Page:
This doesn’t surprise us within a dictatorship. But also here, you know, opposite to what they want us to believe, information is disappearing. What you read in the newspapers, see on television, it’s nothing more than communication. Each political, military, economic, cultural (and even religious, I must admit) institution nowadays owns an agency which filters through to the media what it has to be communicated to the public. And mind if these latter don’t obey! They – institutions – will make sure to cut off their ads on television or that important announcer.

Any example?

Oh, there are plenty! I would suggest that we don’t know anything about what has really happened during the Gulf Crisis. It’s possible that the Gulf War has never taken place. That it wasn’t but a ruse to get paid the transportation of an enormous quantities of weapons stored in Europe to Saudi Arabia.

Your Eminence, this isn’t quite the right place to discuss such issues…

I would suggest that Madame Mitterand has never written the book about her husband, from whom, moreover, she had been separated for more than twenty years.

Your Eminence, please stop…

I would suggest that the pages full of advertisement which peppered all the newspapers since its publication were lying when claiming that it was already a bestseller. Today, even before a book or a movie is launched, it is already a bestseller! It conquers the box office! They are just selling techniques, my dear. The world is pure marketing.

If I may, your Eminence, these paintings slightly remind me of The Guignoles (Note 2).

Very well! I would suggest that if the Guignoles are more popular than the newscast is undoubtedly because they are funnier, and above all because they are more real.

Considering what we have been saying so far, the main criticism we could do to this painting is that it is mainly illustration…

Why do you say so?

I don’t know…I know this is the sort of remark you should make when you pass judgment on painting..

I see… By that do you mean that this is a realistic painting?

I do…I don’t..Oh well…

Do you find it decorative? Do you think these painters paint “just to look pretty”?

No, I am not saying this, but…

Perhaps do you find that what we see in this painting is not deformed enough? …Doesn’t it fit into a coherent system of deformation?

To tell you the truth…

I can’t follow you.

Is this “great painting”? That was the meaning of my question.

Listen, apart from Picasso, if we are talking about our century, is there any other painter who we could define by all means great?


I remember, and this just came back all of a sudden, of the big deal we made about Pollock… Right now many don’t see anything but an old lace…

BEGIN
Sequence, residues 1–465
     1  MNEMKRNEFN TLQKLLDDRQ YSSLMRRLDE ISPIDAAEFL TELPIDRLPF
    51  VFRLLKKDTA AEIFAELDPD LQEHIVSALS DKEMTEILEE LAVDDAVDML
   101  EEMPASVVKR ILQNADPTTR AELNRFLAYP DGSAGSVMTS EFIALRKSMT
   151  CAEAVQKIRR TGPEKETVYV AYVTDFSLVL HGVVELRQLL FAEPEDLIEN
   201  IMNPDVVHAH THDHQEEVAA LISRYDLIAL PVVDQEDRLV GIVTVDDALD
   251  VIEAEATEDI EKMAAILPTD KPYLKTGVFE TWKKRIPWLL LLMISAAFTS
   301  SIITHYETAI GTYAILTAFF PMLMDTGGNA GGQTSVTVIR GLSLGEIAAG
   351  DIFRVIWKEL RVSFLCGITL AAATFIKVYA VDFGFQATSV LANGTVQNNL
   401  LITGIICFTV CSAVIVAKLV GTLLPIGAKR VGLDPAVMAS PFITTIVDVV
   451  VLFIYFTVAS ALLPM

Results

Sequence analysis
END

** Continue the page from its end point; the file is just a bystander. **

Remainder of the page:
That is to say..

Let’s leave it here, my son. We won’t be in this world when God recognizes his Own…

Right. Let’s go back to Zairian painting—-

I was telling you, even if you reckon that some of these canvases suffer here and there of the mediocre quality of their colors, or that are ungainly crafted, they nonetheless are armed, in my opinion, with something that goes beyond everything else: that of having been painted in their time. Do you understand? They are evidence of an action on their time. They are “engaged”. Here is what is taking me out of our cultural stammer.

You have previously alluded to the idea of a fixed history. Do you mean that our history is immobile, that is feeding itself on pseudo-novelty?

History is not immobile! History is unfolding on a level which we don’t have access to anymore. Whereas it is the showbiz that is trapped in a false course of action, made of distorted news, trends, novelties…Listen, the trick is more and more visible – that does not in any way prevent it from working. “The new trends” turn around three times, leave and then come back. Each season brings along its harvest of identical leading articles. Each week is represented by interchangeable stars (whom surgery, if needed, takes care of conforming to the standard model). Each day politician crushes on one another: only their caricatures do manage to single them out! You mentioned the Guignols. It is all a small world of puppets which are playing on the media stage a strange perpetual present, while 358 merchants own already half of the revenues of the planet (and it appears that they have no intention of stopping on such a good route).

But, Your Eminence, the Zairian painting…

Even the denial of the showbiz has become nowadays a show itself. This morning I read in the paper L’Unità (I’ve told you that the Italian press delights me), thus I read: Addio politica spettacolo! A big title for an important article, whereby refined commentators announce, as a scoop, the end of the political marketing, the end of the “image” domination. It seems we are dreaming. The article, of course, aims at being a huge success because they were the first predicting it. What matters is not commenting and reflecting on it, but really the announcement of the pseudo-news, pseudo-paradoxical, pseudo-unexpected. If needed the end of the dictatorship of the viewing audience so to gain more share. This is how you will no longer have accuses which don’t know their redemption. No preconception that don’t deserve a column in the newspaper. It seems that this is democracy.